Generally speaking, if you want to capture all of the physics of flows that have variable density, you simply have to use the full compressible Navier-Stokes equations and treat it as a compressible flow, even if the flow itself is low speed. However, it is fairly common to approximate such flows as incompressible to make the problem more tractable. Usually, in my experience, the approach in these situations is to assume the density variations are small and invoke the Boussinesq approximation. Usually that takes the form of assuming that, for reference (mean) values of ##\rho##, ##T##, and ##p##, the deviations are small and a Taylor Expansion yields
[tex]\rho = \rho_{\infty} + \left(\dfrac{\partial \rho}{\partial T}\right)(T - T_{\infty}) + \left(\dfrac{\partial \rho}{\partial p}\right)(p - p_{\infty})+H.O.T..[/tex]
Based on the values of these derivatives, this is often written as
[tex]\rho \approx \rho_{\infty} + \rho_{\infty}\beta(T - T_{\infty}) + \dfrac{\gamma}{c^2}(p - p_{\infty})[/tex]
where ##\beta## is the coefficient of thermal expansion, ##\gamma## is the ration of specific heats, and ##c## is the speed of sound. As long as the speed is low and the pressure variations are therefore fairly small, that ##c^{-2}## term is generally very small, so in this limit, the density's dependence on pressure is effectively negligble. In that sense, you can transform the full compressible equations into a simpler set that retain many of the features of the incompressible equations, but it's still not truly an incompressible flow. For larger variations in density, other methods are necessary to avoid using the compressible equations.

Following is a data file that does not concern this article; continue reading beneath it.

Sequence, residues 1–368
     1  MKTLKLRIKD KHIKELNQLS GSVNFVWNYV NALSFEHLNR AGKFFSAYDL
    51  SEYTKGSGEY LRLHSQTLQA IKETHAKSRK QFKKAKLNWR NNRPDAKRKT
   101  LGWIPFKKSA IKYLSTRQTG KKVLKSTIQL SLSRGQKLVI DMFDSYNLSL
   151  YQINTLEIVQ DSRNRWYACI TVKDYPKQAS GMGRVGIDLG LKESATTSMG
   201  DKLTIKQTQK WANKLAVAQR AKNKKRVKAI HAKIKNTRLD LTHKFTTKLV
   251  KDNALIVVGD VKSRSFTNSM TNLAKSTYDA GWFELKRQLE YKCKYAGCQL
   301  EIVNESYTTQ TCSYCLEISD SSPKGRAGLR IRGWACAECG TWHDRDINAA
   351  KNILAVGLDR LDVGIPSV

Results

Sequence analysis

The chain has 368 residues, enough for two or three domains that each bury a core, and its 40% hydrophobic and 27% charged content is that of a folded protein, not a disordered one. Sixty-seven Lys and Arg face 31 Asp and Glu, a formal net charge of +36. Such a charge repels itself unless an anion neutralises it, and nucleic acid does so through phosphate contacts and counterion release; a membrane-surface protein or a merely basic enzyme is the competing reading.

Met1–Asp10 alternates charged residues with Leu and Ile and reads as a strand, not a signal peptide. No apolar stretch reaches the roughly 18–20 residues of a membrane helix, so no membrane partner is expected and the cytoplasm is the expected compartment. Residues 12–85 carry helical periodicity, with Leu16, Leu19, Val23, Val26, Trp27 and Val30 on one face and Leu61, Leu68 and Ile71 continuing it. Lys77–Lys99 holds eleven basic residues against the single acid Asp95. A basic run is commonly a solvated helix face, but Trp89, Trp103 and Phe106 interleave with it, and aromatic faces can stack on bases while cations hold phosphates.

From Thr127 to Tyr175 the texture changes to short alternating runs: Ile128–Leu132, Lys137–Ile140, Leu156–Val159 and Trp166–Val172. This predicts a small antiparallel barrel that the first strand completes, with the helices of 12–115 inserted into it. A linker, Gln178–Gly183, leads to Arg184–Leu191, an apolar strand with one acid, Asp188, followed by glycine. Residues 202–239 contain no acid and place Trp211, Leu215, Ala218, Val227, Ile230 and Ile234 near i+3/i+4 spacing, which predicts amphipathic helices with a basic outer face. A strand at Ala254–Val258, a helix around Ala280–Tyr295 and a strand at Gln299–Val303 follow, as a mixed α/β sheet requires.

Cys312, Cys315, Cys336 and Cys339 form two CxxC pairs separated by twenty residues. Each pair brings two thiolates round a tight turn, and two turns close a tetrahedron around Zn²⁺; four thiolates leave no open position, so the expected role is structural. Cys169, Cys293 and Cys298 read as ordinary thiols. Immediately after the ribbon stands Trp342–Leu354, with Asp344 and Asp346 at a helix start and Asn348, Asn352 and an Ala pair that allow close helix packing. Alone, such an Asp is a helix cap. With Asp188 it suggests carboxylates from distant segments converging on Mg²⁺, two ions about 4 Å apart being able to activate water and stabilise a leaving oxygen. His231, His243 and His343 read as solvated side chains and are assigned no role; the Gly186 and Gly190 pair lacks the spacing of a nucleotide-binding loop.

The one text that I have that doesn't define incompressibility is . He uses the following definition: "A fluid is said to be incompressible when the density of an element of fluid is not affected by changes in pressure." This is equivalent to saying that
[tex]\nabla\cdot\vec{V} = 0,[/tex]